National Commission on Voting Rights Fact-Finding Hearing Held Friday Paints Disheartening Picture of Widespread Voter Discrimination, Disenfranchisement and Vote Dilution in NC


April 1, 2014

ROCKY MOUNT, NC - Advocates, community leaders, legal and policy experts, activists and everyday North Carolinians made a powerful case for restoring expansive access to the ballot box on March 28 at the National Commission on Voting Rights organized by the NC NAACP, the Lawyers' Committee for Civil Rights Under Law, the UNC Center for Civil Rights and other coalition partners in Rocky Mount, NC.

Held in the light of the Supreme Court's misguided decision to gut the Voting Rights Act nine months ago and in light of the sweeping voter suppression law passed two months later by extremists in the NC General Assembly, the fact-finding hearing detailed how North Carolina has changed from the state with the most expansive ballot access to one of the most restrictive.

Rev. Dr. William J. Barber, II, president of the NC NAACP and architect of the Forward Together Moral Movement, opened the program at 9 am Friday by welcoming commissioners, witnesses and attendees from the general public.


The five commissioners who oversaw the full day of testimony and questioning were Barbara Arnwine, executive director and president of the Lawyers' Committee; former U.S. Congresswoman Eva Clayton; Raymond Pierce, the former Dean of the North Carolina Central University School of Law; Ellie Kinnaird, former state senator and electoral reform advocate; and David Harris, a long-term voting rights attorney.

"We welcome you here to Rocky Mount where the Voting Rights Act that was signed in 1965 created this area as a covered district - one of the 40 counties in North Carolina that was covered by the preclearance requirement of Section IV," Dr. Barber said. "Now no NC counties are covered by the full federal voter protections, and look what happened: extremists passed the worst voter suppression law we have seen since Jim Crow. North Carolina is the testing ground. This is today's Selma."

The Advancement Project, the Southern Coalition for Social Justice, the ACLU of North Carolina, Blueprint North Carolina and Democracy NC also served as co-organizers for today's National Commission on Voting Rights hearing to draw attention to the rollback of voting rights in the state.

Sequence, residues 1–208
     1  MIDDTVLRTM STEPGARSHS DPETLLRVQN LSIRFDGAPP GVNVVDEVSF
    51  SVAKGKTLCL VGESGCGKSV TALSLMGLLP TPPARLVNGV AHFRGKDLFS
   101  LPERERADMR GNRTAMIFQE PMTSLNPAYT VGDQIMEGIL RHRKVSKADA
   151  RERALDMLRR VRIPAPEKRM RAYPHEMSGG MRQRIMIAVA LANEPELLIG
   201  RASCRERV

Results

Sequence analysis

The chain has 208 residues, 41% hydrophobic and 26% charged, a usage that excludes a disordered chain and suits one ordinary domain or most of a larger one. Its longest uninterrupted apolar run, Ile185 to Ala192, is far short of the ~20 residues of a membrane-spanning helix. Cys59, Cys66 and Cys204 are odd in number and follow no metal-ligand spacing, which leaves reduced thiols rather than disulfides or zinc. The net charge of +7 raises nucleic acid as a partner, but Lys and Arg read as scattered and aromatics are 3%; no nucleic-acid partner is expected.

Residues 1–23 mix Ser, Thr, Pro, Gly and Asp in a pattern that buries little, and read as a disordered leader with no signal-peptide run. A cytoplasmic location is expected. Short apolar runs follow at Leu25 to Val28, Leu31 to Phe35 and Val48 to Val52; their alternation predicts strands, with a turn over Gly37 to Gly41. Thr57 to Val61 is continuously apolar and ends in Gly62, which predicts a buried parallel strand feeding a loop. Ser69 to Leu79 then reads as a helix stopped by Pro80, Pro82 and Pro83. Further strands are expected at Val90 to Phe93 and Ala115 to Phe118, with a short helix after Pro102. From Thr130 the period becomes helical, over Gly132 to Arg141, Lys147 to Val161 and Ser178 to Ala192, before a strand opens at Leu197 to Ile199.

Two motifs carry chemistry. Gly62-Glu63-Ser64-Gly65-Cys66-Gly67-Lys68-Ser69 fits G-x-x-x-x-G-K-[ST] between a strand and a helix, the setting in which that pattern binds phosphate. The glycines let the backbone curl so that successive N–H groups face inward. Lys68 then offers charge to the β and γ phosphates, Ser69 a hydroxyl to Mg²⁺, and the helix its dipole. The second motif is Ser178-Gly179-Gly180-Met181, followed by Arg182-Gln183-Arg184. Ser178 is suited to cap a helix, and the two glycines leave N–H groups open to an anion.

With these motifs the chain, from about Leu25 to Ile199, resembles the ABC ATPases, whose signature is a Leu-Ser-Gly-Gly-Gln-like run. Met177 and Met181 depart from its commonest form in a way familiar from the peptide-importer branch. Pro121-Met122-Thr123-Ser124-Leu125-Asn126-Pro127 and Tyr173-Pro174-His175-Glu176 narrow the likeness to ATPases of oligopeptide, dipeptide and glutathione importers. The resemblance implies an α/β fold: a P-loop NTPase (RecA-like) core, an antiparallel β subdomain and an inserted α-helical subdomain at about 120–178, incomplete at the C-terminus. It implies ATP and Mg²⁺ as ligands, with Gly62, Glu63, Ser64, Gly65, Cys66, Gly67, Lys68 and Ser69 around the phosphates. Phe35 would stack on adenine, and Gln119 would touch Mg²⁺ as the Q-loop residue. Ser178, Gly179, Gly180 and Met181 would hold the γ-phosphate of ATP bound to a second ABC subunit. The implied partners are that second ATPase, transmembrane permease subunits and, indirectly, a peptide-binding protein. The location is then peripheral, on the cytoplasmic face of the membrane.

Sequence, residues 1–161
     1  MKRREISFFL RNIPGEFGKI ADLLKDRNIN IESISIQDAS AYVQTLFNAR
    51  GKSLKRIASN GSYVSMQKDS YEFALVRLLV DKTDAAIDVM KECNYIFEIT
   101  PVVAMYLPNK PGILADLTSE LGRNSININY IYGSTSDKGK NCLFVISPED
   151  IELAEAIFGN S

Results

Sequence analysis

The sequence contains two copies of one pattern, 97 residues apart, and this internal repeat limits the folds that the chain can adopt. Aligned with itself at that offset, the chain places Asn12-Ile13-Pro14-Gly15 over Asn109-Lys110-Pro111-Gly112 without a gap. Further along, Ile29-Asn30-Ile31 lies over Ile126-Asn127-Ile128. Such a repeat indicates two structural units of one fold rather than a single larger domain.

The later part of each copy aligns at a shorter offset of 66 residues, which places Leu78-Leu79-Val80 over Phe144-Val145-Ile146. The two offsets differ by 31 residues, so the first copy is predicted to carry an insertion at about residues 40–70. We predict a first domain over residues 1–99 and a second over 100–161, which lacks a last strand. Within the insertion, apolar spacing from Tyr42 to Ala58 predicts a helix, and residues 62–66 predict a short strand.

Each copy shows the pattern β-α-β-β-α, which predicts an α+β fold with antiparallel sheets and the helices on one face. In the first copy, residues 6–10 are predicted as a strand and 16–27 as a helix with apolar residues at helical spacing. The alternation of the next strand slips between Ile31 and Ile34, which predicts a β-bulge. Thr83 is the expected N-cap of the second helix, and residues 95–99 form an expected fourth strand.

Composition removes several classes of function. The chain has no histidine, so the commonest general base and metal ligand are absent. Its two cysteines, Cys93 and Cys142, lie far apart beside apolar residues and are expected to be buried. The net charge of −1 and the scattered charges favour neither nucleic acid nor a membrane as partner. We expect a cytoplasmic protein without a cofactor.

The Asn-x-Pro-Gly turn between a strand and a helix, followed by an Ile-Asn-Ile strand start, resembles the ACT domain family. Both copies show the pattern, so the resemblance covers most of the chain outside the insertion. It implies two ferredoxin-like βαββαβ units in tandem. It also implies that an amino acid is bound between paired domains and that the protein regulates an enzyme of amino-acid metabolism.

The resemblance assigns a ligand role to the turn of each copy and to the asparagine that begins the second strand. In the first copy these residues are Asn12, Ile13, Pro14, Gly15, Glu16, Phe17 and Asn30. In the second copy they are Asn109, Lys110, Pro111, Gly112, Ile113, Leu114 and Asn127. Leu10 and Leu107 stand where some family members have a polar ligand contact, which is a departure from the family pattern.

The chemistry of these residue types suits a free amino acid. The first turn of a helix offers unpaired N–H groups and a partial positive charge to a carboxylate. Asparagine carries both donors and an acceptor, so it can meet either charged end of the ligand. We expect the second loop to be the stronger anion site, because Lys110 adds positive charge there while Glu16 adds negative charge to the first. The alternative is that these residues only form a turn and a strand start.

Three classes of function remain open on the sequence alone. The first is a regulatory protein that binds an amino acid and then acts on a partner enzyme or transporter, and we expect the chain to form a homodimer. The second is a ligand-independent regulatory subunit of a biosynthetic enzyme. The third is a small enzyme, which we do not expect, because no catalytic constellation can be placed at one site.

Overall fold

Extremists in the NC General Assembly passed House Bill 589 two months after Shelby Co. v Holder removed North Carolina from federal preclearance protection and after only two days of public debate. The law drastically diminishes North Carolinians' access to the ballot by cutting popular early voting days nearly in half, eliminating same-day registration and pre-registration for 16- and 17-year olds, banning counties from counting provisional ballots mistakenly cast in the wrong precinct and putting in place a strict photo ID requirement that lays a heavy burden on poor, minority, elderly and rural voters. It also gives vigilante poll watchers greater latitude to challenge votes and gets rid of public financing in elections.

 "At the time of H.B. 589's enactment, the General Assembly had before it evidence that African-Americans used early voting, same-day voter registration and out-of-precinct voting at higher rates than white voters," Dr. Barber said. "And yet these lawmakers eliminated or reduced those ballot access opportunities anyways. But this law hurts all people - black, white, Latino, students, the elderly, Democrats, Republicans, men, women, urban, rural."

The eight hours of testimony offered to the commissioners today gave full weight to Dr. Barber's point. Civil rights attorneys spoke about how H.B. 589's voter restrictions will hurt African American and Latino voters in particular; advocates for people with disabilities spoke about the heavy burden these unnecessary regulations place on their community - many of whom are unable to drive and lack the proper photo identification required under the new law.